5G will increasingly support essential services and involve greater cross-sector collaboration within the telecommunications sector between operators and suppliers, so building trust in cyberspace is another key requirement.

5G cyber security certification is a good way to establish a unified security assessment standard, provide guidance to all players in the 5G ecosystem and build consensus on 5G security. We therefore recommend continuing the work on 5G Security and Certification started with GSMA and 3GPP, in order to develop a common approach that is recognized throughout Europe.

Trustworthiness and transparency

However, trust goes beyond technical or operational measures and requires a dialogue between nations to setup diplomatic norms for acceptable state and state-sponsored behaviour in cyberspace. Cyber security is increasingly entangled with geopolitical issues, trade negotiations, and diplomatic dialogue between nations. Politically motivated suspicion does not address the challenges of enhancing cyber security.

Huawei is ready to do whatever is necessary to build trust and meet the required security standards and regulations. Cyber security standards should be technology-neutral and equally applicable to all enterprises and networks. After clear and unified cyber security standards are available, independent and comprehensive verification must be conducted based on the unified cyber security standards.

Continuous collaboration across industry and between public and private sectors

Devices and systems will increasingly become more intelligent and more connected – both in government processes and cross-sector industrial applications, such as transport, finance, health, energy, agriculture, mining and manufacturing. We should work together to build these net-technologies in a way that ensures trust, security, safety and the protection of fundamental human rights.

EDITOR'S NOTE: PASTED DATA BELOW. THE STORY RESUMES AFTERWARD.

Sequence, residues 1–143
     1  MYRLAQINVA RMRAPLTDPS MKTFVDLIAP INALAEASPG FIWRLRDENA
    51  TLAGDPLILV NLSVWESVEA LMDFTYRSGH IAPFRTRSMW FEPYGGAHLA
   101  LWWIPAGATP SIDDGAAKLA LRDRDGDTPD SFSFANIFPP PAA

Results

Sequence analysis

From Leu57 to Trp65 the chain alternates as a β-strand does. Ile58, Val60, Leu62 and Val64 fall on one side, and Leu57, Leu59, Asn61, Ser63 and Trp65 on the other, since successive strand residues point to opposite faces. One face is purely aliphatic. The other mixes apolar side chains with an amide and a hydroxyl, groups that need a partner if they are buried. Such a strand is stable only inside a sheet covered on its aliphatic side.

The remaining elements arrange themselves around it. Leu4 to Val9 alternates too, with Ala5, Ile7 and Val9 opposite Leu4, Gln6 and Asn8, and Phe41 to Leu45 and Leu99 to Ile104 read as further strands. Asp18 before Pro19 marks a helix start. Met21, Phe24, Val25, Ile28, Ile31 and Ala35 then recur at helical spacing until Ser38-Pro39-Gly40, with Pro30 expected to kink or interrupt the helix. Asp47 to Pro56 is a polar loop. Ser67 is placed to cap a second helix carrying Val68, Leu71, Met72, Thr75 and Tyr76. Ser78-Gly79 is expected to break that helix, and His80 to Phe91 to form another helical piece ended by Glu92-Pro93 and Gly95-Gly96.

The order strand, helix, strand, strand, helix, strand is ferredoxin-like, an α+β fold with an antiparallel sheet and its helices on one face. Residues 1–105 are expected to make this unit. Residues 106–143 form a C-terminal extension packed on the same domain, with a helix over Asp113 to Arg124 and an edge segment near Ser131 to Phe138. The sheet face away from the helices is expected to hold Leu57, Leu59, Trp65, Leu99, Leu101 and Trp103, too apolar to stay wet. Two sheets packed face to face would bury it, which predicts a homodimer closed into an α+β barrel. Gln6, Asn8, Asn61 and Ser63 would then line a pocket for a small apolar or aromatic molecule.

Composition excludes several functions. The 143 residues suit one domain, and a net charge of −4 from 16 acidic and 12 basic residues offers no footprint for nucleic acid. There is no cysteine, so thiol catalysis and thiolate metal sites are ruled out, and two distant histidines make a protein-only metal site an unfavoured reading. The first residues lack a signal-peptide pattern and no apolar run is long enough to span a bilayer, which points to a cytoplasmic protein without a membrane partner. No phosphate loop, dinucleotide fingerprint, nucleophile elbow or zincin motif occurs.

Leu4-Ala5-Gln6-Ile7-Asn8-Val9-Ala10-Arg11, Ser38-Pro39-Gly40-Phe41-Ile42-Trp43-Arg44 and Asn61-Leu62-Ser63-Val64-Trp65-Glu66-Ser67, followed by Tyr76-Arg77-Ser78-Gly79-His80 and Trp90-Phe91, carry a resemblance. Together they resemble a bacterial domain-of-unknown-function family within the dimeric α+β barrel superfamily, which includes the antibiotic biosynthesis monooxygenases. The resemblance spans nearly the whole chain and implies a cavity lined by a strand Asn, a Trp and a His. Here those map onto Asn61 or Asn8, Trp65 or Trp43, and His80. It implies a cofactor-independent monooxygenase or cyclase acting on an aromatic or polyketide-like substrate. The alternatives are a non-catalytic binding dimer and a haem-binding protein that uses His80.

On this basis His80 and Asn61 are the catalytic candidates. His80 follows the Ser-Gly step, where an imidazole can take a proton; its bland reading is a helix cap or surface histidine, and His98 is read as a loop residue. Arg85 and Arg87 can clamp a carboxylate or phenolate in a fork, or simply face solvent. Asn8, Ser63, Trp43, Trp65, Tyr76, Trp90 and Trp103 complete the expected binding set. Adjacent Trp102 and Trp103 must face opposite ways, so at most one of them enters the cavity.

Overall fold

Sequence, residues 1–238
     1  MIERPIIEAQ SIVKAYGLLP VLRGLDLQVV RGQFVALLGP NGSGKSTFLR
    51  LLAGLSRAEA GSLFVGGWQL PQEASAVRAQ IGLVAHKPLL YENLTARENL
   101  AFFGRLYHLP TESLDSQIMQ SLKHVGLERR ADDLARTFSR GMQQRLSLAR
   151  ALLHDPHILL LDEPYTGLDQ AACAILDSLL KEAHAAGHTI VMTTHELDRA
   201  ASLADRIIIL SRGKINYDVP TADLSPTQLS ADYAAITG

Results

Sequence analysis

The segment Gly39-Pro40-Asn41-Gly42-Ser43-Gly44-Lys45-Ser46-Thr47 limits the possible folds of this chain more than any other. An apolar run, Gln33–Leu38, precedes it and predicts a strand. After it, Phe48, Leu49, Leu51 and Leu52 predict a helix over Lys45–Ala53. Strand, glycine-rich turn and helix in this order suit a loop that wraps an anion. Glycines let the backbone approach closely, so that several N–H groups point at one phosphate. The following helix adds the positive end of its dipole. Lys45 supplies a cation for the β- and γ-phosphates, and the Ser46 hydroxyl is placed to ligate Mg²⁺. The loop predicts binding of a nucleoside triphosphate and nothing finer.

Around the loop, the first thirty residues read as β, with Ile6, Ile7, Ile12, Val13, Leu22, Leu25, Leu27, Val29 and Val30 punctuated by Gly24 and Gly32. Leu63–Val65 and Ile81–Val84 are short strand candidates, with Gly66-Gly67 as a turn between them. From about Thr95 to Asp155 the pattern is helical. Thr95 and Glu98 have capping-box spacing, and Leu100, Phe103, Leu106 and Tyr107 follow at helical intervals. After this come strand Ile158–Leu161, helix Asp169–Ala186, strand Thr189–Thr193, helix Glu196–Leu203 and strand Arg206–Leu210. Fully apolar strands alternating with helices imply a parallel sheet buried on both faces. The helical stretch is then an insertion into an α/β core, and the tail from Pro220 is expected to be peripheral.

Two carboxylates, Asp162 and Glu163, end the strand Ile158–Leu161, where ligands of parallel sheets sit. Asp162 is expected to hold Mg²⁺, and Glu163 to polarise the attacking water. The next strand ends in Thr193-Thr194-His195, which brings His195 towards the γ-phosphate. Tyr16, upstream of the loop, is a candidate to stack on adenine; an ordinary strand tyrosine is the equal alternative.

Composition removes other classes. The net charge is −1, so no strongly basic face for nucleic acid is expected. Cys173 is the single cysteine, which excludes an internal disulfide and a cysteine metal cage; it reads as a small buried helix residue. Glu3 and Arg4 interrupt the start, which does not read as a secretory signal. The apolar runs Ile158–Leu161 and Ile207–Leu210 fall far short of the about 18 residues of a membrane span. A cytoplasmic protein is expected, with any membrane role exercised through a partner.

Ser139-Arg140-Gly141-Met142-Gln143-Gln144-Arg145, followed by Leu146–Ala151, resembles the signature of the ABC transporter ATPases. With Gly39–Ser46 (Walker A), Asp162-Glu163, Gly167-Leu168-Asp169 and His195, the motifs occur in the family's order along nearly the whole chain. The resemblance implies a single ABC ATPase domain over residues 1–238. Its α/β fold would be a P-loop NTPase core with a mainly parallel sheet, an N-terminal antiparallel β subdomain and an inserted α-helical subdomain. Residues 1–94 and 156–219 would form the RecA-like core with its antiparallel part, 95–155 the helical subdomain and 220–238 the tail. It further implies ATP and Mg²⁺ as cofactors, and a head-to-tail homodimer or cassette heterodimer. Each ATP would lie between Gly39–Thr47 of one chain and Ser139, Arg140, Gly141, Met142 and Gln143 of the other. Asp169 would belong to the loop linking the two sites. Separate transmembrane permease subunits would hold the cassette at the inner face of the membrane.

We recommend that government regulators work closely with all relevant industries and partners to deliver a consistent set of regulations to address 5G security that allow operators to take responsibility for the overall implementation. We adhere to the principle of openness and transparency and are willing to explore strategic and fundamental solutions with stakeholders. It is also important to obtain the support of telecommunications suppliers and services providers in relevant industry sectors. An independent EU organization must enable greater accountability of cyber incidents.

Mutual trust for an intelligent, connected world

Huawei has offices, cyber security centres and evaluation centres in almost all EU countries now. Huawei boosted Europe’s economy by €12.8 billion through in 2018, supporting 169,700 jobs directly and through the supply chain, according to a study by Oxford Economics.

To continue to build mutual trust for an Intelligent, Connected world, enable European technology leadership, and drive economic growth in the EU, Huawei is willing to allow its products to be inspected by authorized personnel from national governments in to ensure the security and integrity of our products and services. So for Europe’s digital destiny beyond 2020 with shared values, let’s continue to work together to create a better digital future for all.